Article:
Now we’re off along Dean Wood lane, through a fine avenue of chestnuts, just coming into leaf, and there’s a clear brook tinkling alongside us for company. We can walk on to Rivington from here, perhaps have a brew at the chapel tea rooms, but that’s for another day. Today we’ll take the path around the Yarrow instead, which we could follow pretty much all the way back to the car if we wanted, but if you don’t mind, I want to make a bit of a detour because I can hear the rumble of water and I suspect the spillway is running.

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The Yarrow Reservoir overflow

The Yarrow spillway is a spectacular feature hereabouts, a series of cascading steps that takes the excess from the Yarrow and feeds it with style into the Anglezarke reservoir. It isn’t often running these days, but there’s a good bit of water today, and it’s always worth a photograph, especially now with the sun settling upon it and adding a golden glow to the highlights.

I try a couple of shots with the lens wide open and manage 1/2000th of a second on the shutter. This has a dramatic effect on the capture of water, freezing it and rendering an image that’s essentially true but something the eye wouldn’t normally see. There must be thousands of shots of these falls on Instagram and Flikr, and a good many of them mine, but I never tire of it.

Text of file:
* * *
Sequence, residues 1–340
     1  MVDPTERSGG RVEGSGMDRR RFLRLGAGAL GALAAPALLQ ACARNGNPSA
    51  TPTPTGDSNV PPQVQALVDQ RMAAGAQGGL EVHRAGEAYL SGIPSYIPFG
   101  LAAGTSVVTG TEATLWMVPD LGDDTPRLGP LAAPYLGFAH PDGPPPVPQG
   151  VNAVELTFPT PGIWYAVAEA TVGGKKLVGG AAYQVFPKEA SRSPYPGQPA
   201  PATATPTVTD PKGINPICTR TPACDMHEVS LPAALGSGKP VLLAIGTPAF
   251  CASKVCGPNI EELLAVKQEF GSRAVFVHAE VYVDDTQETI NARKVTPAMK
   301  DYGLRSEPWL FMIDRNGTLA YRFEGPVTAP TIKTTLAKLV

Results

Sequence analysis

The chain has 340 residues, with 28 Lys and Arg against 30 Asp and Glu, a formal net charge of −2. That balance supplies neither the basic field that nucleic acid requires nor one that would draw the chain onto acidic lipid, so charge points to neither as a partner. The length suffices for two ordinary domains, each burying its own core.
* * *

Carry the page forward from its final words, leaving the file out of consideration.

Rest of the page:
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F1.8 – 1/2000 sec

Okay, it’s just a short way now back to Parson’s Bullough and the car. Then it’s boots off, and home for a brew. A pleasant walk in familiar territory, but always something a little different to see.

Just one last look back at that gorgeous spillway, and we’re done:

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Great Hill – Western Pennines – UK

I take the path by Dean Brook,
Follow in my father’s footsteps.
Fifty summers gone, he led the way,
But there’s no trace of him now,
Beyond imagination.

The moors lay quiet in a steamy heat,
Exhale soft scent of ferns and earth.
Narrow here, the path,
Above a deepening
Water rushed ravine,
There’s a leg twisting tangle of heather,
And all the tricky snares
Of grass.

Hesitant of foot.
I fear more to fall
Than I did back then,
Cock-sure-footed
And safe in the cradle,
Of my father’s imagined
Immortality.

Now I fear the void of empty air,
And the cold embrace of peaty scum,
Then to be denied deliverance,
From the drowning pools,
For lack of saviour.

Today, the journey speaks
Of emptiness
Among sheep ruined hills.
And rising now to pulled down farms,
Hungry ghosts whisper tales
Of grinding lives, eked out
And gone,
Names unknown,
Scattered by the wind as leaves,
All dried and scratching brittle,
In soured dust.

And on top of Great Hill,
There is litter.